Double Brokering, Carrier Invoicing, and Building Success | The Final Mile #24

Freight 360

January 2, 2024

Prepare to navigate the murky waters of logistics with us, as industry expert Ben pulls back the curtain on the notorious practice of double brokering. Ben, armed with ten years of experience, distinguishes the fine line between co-brokering and double brokering, unraveling the legal and ethical safeguards that can protect your business. We’ll also tackle the nuanced world of carrier invoicing, where the rules are written in the federal register but the drama unfolds in real-world scenarios. Whether you’re a broker looking for smoother business operations or a carrier aiming to understand the complex billing landscape, this episode is your compass.

When cargo claims turn into nightmarish mazes, we reflect on personal stories from the front lines, including a stolen load that put our problem-solving skills to the test. We explore how maintaining customer trust can sometimes mean absorbing financial hits and share insights on how to handle the delicate dance of claim denials. Beyond the transactions, we discuss the profound impact of human connections in our industry and the growth that springs from them. It’s not all work, though – we cheer for the Buffalo Bills, infusing our session with a spirit of optimism and community. Join us for a deep dive into the heart of logistics, where every challenge is a chance for growth and every relationship is a step towards success.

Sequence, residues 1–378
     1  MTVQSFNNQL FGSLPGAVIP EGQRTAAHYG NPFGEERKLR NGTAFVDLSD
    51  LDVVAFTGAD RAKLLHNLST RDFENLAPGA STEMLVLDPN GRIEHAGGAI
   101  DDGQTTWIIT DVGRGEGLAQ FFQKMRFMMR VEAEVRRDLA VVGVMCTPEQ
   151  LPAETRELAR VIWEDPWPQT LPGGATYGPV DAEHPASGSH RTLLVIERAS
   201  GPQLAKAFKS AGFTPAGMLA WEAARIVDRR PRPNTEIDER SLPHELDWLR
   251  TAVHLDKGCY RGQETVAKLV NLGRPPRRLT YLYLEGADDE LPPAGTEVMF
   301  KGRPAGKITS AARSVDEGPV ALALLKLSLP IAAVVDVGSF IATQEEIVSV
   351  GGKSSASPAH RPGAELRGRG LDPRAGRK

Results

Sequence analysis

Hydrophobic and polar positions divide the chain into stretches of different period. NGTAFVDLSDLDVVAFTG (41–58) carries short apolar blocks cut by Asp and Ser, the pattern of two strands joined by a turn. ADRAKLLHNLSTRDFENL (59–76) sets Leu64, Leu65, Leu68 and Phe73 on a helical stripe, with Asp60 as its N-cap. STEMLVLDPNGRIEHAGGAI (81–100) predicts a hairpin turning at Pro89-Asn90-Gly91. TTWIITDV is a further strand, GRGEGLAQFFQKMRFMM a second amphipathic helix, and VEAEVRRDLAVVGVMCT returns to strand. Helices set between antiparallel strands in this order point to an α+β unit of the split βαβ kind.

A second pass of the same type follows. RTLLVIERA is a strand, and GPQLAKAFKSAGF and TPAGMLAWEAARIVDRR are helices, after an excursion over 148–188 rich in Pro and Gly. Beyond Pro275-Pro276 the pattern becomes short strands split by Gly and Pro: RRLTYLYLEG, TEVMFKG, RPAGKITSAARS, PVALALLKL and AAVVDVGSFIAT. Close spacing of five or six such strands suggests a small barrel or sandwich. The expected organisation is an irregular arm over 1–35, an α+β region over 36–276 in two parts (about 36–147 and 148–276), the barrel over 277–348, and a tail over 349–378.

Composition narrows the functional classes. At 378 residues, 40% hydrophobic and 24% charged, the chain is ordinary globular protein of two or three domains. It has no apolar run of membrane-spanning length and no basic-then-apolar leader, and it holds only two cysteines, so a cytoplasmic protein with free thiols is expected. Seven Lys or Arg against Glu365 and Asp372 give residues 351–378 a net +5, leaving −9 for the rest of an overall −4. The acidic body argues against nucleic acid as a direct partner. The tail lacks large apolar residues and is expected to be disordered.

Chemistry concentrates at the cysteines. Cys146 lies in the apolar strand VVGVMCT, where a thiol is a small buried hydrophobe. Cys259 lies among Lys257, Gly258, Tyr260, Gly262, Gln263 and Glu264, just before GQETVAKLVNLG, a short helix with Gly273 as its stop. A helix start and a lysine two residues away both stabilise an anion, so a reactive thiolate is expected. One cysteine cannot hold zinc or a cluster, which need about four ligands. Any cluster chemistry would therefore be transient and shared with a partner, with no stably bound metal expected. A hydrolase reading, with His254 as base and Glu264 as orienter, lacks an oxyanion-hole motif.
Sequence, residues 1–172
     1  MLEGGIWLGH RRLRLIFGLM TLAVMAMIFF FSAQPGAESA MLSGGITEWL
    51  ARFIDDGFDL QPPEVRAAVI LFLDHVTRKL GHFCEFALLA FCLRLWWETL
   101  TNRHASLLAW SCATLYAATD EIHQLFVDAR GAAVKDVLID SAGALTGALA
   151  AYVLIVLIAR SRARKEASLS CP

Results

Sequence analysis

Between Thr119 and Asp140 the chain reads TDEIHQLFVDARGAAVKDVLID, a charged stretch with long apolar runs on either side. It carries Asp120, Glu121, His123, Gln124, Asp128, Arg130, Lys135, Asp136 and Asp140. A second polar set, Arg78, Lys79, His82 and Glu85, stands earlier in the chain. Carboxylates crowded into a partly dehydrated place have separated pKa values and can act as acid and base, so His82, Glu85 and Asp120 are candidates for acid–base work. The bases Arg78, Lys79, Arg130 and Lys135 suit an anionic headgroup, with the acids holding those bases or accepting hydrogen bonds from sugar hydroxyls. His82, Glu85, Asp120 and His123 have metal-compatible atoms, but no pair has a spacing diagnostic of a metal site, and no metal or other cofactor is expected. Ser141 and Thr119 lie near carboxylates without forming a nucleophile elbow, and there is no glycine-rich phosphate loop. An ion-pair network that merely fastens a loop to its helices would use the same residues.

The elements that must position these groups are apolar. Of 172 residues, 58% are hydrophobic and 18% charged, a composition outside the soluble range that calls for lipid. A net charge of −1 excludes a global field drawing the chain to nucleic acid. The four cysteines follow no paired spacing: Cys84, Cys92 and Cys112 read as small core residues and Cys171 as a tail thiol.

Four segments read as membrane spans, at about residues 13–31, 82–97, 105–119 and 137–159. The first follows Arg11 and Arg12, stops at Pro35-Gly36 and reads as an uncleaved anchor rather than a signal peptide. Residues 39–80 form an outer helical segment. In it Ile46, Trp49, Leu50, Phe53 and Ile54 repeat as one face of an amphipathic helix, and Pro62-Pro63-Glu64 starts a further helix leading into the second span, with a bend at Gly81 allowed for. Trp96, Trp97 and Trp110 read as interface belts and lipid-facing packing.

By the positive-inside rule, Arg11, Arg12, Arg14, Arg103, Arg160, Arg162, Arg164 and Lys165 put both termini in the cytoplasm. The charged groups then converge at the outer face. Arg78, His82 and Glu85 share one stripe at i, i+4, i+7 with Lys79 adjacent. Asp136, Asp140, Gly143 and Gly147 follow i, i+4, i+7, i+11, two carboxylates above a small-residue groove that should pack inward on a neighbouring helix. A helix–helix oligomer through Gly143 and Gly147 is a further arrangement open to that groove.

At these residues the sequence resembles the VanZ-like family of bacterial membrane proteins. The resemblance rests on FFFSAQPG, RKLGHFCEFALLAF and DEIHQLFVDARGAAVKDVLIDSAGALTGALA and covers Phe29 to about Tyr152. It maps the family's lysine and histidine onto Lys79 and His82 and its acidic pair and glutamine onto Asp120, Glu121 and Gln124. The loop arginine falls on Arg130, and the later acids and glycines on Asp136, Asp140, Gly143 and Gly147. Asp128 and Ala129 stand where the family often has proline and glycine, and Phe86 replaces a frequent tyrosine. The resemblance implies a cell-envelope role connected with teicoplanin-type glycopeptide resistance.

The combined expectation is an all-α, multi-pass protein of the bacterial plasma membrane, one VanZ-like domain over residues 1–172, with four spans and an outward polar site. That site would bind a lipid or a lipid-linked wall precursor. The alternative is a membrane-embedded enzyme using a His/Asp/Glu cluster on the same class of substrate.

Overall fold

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Show Transcript

See full episode transcriptTranscript is autogenerated by AI

Nate Cross: 0:19

All right, happy New Year and welcome back for another edition of the final mile where we answer all of your questions. Make sure to continue to send them our way through the comments on YouTube, through the website. I actually didn't pull any from the YouTube comments this week. These all came from Facebook or from our website, so we'll get started right away here. Our first one comes from Gustavo, who asked how long has double brokering been around and do you think it'll go away anytime soon, or is this an issue we have to learn to live with? So, ben, you got in the industry, probably about 10 years ago, right Roughly, maybe a little less. Yeah, give or take, and double brokering existed then. Correct For sure, it did. Yes.

Benjamin Kowalski: 1:06

It's probably existed forever, since the inception of the market, I would guess.

Nate Cross: 1:12

Really kind of like scam has definitely happened, right, I think we just noticed double brokering more because the way in which it happened took a sharp right turn. It went from like, hey, I don't have a truck, but I'm going to give it to my buddy or someone else and all is good, I'll just pay him less and I still make some money right, whereas now it's like I don't have a truck, nor do I ever intend to have a truck, and I don't ever intend to pay anybody. I'm just going to take this load, get a quick pay and then ghost everybody right.

Benjamin Kowalski: 1:50

Yes, I was going to say I used to run into this a lot because these terms aren't defined by the federal government, some statute or websters for that matter, not that I guess there's even a dictionary company anymore. But my point is co-brokering and double brokerage can be used interchangeably and had been even when I started. Right I am some of my first customers. I guess now you would say we co-brokered loads, but they were double brokered. It was a freight broker that was tendering loads to me as a freight broker and I would book trucks. That is absolutely an acceptable part of the industry if it is done where everybody is aware that it is being done and everybody has paperwork. Co-brokering, yes.

Nate Cross: 2:38

You have contracts in place with transparency on it, right.

Benjamin Kowalski: 2:42